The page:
Wednesday, November 26, 2008
You See What a City Is?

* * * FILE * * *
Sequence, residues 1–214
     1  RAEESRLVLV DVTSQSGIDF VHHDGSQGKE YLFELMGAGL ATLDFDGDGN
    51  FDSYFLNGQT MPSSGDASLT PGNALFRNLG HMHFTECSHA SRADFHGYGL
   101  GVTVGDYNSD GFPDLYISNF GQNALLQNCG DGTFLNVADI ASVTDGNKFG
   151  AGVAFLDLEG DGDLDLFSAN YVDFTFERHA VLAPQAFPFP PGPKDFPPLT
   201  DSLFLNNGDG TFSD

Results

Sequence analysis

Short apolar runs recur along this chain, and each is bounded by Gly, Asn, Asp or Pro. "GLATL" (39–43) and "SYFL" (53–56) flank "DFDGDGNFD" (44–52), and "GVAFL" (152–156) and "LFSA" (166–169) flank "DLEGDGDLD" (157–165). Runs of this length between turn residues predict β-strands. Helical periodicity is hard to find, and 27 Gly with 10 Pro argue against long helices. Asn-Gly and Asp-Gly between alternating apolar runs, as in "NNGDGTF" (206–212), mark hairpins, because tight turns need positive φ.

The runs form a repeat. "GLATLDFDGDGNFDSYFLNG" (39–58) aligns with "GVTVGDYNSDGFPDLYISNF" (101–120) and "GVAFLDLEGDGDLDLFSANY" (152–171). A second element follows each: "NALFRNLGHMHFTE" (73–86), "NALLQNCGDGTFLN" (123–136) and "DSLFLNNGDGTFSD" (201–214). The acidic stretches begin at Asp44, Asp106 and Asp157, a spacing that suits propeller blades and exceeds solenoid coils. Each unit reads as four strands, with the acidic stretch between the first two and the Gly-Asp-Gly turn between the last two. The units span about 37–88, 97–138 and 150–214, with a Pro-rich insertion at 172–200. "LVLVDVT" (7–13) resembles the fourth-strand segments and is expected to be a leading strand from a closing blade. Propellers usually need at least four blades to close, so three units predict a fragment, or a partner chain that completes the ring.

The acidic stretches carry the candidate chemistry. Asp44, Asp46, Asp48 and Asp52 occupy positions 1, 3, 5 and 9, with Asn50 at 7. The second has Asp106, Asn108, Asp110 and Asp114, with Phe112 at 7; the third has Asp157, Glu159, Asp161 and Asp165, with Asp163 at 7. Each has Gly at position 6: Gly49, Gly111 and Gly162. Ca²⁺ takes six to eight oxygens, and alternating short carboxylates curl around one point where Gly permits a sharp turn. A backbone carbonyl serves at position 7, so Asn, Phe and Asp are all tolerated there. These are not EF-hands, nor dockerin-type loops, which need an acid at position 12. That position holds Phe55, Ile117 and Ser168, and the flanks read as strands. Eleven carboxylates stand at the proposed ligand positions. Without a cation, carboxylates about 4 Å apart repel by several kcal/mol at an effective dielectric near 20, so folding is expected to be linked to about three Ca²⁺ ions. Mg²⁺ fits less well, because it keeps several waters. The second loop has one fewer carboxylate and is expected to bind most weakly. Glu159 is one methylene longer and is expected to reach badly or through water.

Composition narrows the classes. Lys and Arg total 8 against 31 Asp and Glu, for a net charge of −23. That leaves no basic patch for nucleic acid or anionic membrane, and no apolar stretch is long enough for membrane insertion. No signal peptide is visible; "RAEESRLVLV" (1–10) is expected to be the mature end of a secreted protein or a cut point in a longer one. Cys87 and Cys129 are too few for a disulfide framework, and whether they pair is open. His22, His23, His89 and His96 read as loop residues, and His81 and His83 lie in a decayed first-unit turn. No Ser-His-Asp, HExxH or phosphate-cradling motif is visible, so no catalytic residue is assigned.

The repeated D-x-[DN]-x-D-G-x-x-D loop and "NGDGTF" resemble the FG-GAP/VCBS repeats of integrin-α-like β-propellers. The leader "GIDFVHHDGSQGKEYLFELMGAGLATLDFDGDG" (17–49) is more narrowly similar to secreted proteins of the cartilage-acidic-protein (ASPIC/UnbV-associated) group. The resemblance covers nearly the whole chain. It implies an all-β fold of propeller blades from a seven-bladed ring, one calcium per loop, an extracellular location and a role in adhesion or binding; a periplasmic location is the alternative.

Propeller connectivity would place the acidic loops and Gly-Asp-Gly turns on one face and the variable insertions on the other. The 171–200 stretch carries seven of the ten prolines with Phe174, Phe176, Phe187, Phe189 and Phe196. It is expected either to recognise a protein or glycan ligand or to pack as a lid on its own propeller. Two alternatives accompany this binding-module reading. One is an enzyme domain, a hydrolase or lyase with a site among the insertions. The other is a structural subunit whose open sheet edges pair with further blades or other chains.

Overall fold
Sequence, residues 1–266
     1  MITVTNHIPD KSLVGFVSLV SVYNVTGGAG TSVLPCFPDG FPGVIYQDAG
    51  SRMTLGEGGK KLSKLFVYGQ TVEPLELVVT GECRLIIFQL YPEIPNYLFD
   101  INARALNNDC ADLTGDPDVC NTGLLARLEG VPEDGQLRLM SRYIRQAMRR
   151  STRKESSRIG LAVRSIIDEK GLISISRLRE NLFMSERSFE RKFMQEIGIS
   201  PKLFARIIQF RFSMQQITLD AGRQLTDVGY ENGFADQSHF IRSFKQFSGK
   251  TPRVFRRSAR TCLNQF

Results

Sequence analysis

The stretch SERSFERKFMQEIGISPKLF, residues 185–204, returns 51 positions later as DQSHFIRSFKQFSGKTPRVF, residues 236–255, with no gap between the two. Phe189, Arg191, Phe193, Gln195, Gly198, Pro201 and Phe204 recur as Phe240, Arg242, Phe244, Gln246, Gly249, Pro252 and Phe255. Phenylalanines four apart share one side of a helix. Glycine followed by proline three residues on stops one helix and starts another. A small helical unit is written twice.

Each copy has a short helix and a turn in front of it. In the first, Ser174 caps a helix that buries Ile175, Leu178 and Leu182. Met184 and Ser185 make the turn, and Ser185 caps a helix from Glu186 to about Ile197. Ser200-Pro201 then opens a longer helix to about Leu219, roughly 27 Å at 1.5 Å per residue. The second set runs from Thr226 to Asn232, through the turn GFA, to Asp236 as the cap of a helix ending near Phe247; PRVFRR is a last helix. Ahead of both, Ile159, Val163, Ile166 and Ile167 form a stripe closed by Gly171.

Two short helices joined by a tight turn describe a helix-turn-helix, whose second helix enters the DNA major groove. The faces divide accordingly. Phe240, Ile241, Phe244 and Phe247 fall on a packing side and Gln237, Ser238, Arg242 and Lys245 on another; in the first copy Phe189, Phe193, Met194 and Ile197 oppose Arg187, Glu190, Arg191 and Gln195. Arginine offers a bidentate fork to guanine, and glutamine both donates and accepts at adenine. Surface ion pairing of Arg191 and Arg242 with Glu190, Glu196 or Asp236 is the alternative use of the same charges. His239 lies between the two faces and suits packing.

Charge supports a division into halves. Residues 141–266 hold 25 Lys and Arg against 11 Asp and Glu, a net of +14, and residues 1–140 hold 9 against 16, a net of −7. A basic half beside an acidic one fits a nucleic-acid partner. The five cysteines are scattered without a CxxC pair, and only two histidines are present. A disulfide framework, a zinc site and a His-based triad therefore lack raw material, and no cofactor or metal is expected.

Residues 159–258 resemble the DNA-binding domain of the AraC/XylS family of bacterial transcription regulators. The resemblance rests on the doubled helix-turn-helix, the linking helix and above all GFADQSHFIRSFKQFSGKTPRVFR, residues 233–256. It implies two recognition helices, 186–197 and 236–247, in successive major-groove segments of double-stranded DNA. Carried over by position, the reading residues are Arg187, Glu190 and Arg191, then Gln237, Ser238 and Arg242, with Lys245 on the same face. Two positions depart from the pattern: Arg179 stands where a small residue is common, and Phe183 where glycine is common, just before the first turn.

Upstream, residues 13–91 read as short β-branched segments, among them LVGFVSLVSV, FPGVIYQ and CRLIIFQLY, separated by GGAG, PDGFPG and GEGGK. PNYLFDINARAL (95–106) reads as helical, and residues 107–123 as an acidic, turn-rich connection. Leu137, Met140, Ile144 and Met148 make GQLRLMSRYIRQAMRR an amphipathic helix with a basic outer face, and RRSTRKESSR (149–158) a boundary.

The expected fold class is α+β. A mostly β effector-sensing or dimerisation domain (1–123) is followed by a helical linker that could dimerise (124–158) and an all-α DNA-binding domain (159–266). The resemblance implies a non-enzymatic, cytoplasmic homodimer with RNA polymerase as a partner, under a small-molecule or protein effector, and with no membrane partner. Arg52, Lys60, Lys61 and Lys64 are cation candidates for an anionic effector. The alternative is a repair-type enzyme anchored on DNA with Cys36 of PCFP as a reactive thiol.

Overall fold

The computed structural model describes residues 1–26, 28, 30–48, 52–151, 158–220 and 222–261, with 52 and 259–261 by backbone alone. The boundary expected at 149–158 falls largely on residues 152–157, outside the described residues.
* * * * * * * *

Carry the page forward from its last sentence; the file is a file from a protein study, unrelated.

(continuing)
"You see what a city is?" Ghini said to him. "And if it's like this before it's even finished, imagine what will happen afterwards: it's another life. Every day you see new people -- for the merchants, just think, it's like having the Heavenly Jerusalem; for the knights, since the emperor forbade them to sell lands so as not to divide the fief, and they were bored to death in the countryside, now they command companies of bowmen, they ride out in parades, they give orders left and right. But things don't prosper just for the gentry and the merchants: it's a providence also for a man like your father, who doesn't have much land but has some livestock, and people arrive in the city and ask him for stock and pay cash; they're beginning to sell for ready money and not through barter. I don't know if you understand what that means: if you exchange two chickens for three rabbits sooner or later you have to eat them, otherwise they grow too old, whereas two coins you can hide under you mattress and they're good ten years from now, and if you're lucky they stay there even if enemies come into your house. Besides, it's happened in Milan and in Lodi and Pavia, and it will also happen here with us: it's not that the the Ghinis or the Aularis have to keep their mouths shut and only the Guascos or the Trottis give the orders. We're all part of those who make the decisions: here you can become important even if you're not a noble, and this is the fine thing about a city, and it's specially fine for one who isn't noble, and is ready to get himself killed, if he really has to (but it's better not), because his sons can go around saying: My name is Ghini and even if your name is Trotti, you're still shit" (Eco, pgs. 162-163).